There’s a lot more projects like this. Fully backed projects have already failed, faded into oblivion, or will never meet their lofty promises. The other side of the problem, the arrogant, naive, or incompetent dev has everything to gain and nothing to lose with how KS is set up. Every dev is making room for an actual budget on their project now and submitting a KS for it because of that.

    The low quality and failed projects are going to ruin it for those with a plan and a reputation. Except, no developer goes into a game thinking it’s bad or won’t succeed, and it’s been show up until now that many backers are going on blind faith.

  8. J says:

    I think this is mostly excellent advice. There does seem to be a bit of a negative “give it up, you can’t do it” tone to certain parts of this post, but if I had people constantly bugging me to plug crappy Kickstarters I might get a bit jaded too. Regardless, these are all good pointers.

    • Kairi Vice says:

      I don’t think it’s really “give it up.” It’s saying “earn your keep and prove me wrong.” I also try to avoid false encouragement, because in the wrong hands that can ruin a person’s life. Many people do throw their savings and their lives away to invest in things or invent things that are horrible and will never make money, and they do so because people are afraid to say “don’t do it, it’s not a good idea.”

      • J says:

        Fair enough. But it’s a fine line to discourage those who can’t hack it without also discouraging those who could put out good work with a little support. I do understand your point though.

  9. Kairi Vice says:

    The article was running long. I had planned for there to be 7 steps, with one being “Don’t make promises you can’t keep.” This included start-up devs saying they would have their game on platforms like Steam and Xbox Live Arcade, which truly are long shots.

  10. The only part that I do not agree with is this: “Nor do I want to pay for something that uses RPG Maker or some other lazy game creation tool”

    As an game developer, I chose to teach myself to program and create pixel are so that I wouldn’t use any tool like mentioned above. For some though, this is the only avenue they have to start with. I think that unexpected and weird things could be created with RPG Maker. I think it is kind of insulting to say that they are lazy game creation tools just because they take many of the steps out of the process. I don’t think you can really make the argument validly that good creations can’t come from a “lazy” game creation tool. Just because no one has made something great doesn’t mean that it isn’t possible and the tools themselves didn’t choose for “indie’s” to make lazy games with them. To your point, if you are using these tools and starting out, I don’t think you should try and make a kickstarter. I have been hoping that the real world would catch up with some of the fad kickstarter campaigns and that people wouldn’t back them. I do not believe this fad will last very long for that reason.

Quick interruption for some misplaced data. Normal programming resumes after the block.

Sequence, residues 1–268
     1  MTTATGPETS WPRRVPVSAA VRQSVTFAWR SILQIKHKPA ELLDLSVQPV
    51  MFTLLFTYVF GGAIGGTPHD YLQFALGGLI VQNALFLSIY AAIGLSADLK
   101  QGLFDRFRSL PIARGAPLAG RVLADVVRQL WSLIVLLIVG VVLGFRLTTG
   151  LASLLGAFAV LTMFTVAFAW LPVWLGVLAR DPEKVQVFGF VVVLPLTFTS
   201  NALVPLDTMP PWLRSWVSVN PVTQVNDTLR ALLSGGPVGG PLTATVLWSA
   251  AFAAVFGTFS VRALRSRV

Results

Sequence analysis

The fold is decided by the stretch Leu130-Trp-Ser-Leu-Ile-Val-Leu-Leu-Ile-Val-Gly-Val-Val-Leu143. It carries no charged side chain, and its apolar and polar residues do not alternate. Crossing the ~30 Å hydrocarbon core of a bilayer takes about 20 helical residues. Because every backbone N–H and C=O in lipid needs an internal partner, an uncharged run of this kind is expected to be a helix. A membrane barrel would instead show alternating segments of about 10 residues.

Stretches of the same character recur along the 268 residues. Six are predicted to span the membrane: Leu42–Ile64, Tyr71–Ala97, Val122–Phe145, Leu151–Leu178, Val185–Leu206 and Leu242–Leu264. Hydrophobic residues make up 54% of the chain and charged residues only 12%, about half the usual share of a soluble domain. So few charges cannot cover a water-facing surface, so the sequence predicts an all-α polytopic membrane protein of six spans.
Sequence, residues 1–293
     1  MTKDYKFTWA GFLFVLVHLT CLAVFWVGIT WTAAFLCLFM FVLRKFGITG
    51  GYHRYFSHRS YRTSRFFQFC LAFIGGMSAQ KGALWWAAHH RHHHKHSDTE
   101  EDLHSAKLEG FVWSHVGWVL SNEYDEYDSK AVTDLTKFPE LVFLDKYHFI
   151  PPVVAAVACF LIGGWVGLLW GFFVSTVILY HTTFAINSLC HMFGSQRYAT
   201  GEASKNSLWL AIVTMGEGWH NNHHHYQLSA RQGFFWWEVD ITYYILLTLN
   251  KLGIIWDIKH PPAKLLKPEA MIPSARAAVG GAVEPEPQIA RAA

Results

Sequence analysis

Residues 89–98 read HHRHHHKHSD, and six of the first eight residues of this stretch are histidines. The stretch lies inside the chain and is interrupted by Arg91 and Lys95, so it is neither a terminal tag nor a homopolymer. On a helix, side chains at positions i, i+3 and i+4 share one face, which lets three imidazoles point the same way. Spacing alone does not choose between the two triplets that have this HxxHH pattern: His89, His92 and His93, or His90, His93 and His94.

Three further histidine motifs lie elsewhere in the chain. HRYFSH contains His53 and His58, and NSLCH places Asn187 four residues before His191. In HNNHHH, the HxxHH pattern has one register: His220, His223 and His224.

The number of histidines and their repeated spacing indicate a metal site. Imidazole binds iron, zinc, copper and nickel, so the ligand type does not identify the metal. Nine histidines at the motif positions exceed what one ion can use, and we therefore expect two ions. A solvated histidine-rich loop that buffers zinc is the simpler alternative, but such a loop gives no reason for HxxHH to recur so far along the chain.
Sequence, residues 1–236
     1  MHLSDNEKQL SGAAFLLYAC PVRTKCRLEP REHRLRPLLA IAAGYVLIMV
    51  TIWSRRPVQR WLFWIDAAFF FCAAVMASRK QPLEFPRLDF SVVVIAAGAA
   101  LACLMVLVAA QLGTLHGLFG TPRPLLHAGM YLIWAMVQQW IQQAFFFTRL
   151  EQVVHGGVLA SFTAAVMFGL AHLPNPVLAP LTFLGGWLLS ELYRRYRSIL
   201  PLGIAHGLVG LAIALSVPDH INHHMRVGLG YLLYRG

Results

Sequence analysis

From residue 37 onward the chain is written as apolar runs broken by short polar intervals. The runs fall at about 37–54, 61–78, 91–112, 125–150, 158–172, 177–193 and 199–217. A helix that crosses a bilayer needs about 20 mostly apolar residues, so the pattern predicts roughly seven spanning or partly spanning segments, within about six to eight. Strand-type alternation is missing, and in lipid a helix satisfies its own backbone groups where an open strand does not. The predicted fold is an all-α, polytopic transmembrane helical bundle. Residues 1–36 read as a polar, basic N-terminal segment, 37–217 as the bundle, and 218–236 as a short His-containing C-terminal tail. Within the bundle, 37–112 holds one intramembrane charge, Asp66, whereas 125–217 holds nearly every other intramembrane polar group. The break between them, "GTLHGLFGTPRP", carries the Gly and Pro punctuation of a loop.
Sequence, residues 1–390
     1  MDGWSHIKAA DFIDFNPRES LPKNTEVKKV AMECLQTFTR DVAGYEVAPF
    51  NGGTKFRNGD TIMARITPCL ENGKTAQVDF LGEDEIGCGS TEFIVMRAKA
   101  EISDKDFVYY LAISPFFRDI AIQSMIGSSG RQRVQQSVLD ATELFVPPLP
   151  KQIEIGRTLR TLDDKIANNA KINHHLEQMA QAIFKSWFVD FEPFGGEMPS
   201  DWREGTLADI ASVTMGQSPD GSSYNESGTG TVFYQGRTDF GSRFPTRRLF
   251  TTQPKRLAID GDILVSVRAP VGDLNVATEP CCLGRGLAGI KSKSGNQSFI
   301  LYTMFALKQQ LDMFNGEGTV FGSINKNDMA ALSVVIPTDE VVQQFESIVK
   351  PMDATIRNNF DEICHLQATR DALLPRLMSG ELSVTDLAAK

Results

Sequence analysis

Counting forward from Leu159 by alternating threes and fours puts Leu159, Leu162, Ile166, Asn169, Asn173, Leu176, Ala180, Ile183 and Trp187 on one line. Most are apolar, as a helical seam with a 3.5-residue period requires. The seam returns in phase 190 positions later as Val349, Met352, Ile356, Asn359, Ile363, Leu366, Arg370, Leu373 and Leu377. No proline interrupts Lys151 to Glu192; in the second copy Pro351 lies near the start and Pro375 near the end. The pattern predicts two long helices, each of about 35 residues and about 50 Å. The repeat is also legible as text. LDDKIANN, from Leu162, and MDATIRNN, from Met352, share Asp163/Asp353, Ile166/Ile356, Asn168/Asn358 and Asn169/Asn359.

While we are all here, I don’t think that anyone should term themselves as an indie until they can ship a title, because by that logic, if I assemble model airplanes on the weekend I could say that I am an indie model airplane assembler. The over usage of the word indie by these kids who haven’t shipped a single title is annoying to say the least. I choose to call myself a game developer because I am developing a game, that has not yet been completed, and I certainly haven’t shipped a title. I wish that there were some cosmic rule prohibiting people from calling themselves an indie until they ship something.

    I am glad that you put this WordPress out into the world, someone needed to say it.

    • Kairi Vice says:

      Fair enough Will. I think my point that I let slip away with the RPG Maker thing was that you already have the tools to make a game, so why are you asking for money? Someone sent me a pitch for a game that used RPG Maker. They wanted $20,000. It’s not like they had to hire a graphics artist or anything if they were just using RPG Maker. It was absurd.

      • CJ says:

        That’s just retarded. Although if someone did make an exceptional project using middleware, they do deserve some funding to help them finish, like an upcoming IndieCity feature pay-to-finish.

      • I disagree vehemently. The tools they choose to use don’t necessarily reduce the quality of the title they’re creating. If they’re serious about it, they’ll need art, music, sound effects, scripting and story, just like any rpg that wasn’t made with rpg maker.

        Of course, their pitch shouldn’t be using stock maker assets, or I’m not going to believe they can deliver. We’ve seen several pitches with stock assets with just a couple of pretty concept sketches beyond that.

        I also don’t care how much they’re asking for, or what they need the money for. As long as they can reach their goal, the only thing that matters to me is if I’m getting value for my money as a backer. I’ve backed 12 projects now, and they’ve all funded so far. (Well, Spriter has 3 days left, but it’s well over the goal.)

        • Kairi Vice says:

          You should do a counter-point to my Kickstarter pitch as a Tales from the Dev Side. But I do ask, do you have a bench-mark set for what makes you want to invest in a game? Do you ask fundamental questions like “Why do they need the money?”

          • I was considering writing a counter argument on my own blog, but I don’t think I have enough to say.